financed by EU blending facilities
• 10 in Africa (9 ITF, 1 NIF)
• 1 Latin America
• 1 Caribbean
• Strong emphasis on renewable
energy
• 7 in Energy (most renewable)
• 3 ICT (undersea cables)
• 2 Transport (ports)
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UNLOCKING
PRIVATE
INVESTMENT
With the facilities the
needed tools are in place
Currently the blending facilities mainly support
public investment projects. However, they
also provide the means to catalyse private
investments – particularly by using more
innovative financial instruments such as risk
capital and guarantees.
• Risk capital can help address the lack of
equity
capital
in
some
countries,
particularly for new sectors such as
renewable energy (e.g. GEEREF fund)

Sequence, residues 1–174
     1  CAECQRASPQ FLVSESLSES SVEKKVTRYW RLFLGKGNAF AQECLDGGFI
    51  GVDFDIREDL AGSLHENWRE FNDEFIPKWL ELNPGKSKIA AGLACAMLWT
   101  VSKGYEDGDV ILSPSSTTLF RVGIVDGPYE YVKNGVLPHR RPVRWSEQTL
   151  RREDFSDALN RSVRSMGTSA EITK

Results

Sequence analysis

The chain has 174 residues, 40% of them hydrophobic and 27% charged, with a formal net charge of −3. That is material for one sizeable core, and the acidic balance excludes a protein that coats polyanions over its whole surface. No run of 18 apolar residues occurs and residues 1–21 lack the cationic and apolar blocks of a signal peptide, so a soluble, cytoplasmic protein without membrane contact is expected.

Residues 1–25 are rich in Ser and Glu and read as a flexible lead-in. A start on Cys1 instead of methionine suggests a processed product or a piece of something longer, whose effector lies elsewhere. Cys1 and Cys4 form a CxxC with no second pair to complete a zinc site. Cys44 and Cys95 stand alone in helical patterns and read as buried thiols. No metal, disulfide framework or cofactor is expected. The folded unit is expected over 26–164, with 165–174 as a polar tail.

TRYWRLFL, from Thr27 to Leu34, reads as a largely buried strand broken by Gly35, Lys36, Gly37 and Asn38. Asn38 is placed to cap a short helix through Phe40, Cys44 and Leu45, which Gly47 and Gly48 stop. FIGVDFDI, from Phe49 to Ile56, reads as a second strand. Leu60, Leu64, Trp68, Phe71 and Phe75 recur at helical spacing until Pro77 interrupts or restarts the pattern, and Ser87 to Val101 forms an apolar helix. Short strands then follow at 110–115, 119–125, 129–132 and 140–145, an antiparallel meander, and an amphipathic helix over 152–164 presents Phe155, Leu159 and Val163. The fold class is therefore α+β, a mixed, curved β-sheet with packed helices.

• Guarantees are particularly useful in more
liquid markets where the perceived risk of
certain activities is high among local
investors or banks (e.g. SME Guarantee
Facility)
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New
Commission
Strategy on the
Role of the
Private Sector in
Development
Table of contents
1
2
3
4
PRIVATE SECTOR COMMUNICATION
PRIVATE SECTOR ENGAGEMENT
JOINT
ACP-EU
COOPERATION
FRAMEWORK and EU REGIONAL
BLENDING FACILITIES
AGRICULTURE
OPPORTUNITIES
AND
ENERGY
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Our plans for the Agriculture sector:
The EU has undertaken high level political commitments
1.
Support partner countries in reducing the number of stunted
children by 7 million by 2025
2.
Build resilience
management
3.
Agriculture for growth & job creation, enhancing private
sector activities and agribusiness
4.
Promote a sustainable agriculture through its sustainable
intensification & linking farmers to markets
and
enhance
crisis
prevention
&
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Result of evidence based programing:
Countries with Food Security focal sector 2014-2020
Moldavie
Georgie
Kyrghyzstan
Uzbekistan
Tajikistan
Azerbaijan
Mauritanie
Cuba
Pakistan
Haïti
Suriname
Guatemala
Honduras
Nicaragua
Colombia
Burkina Faso
Sénégal
Afghanistan
Mali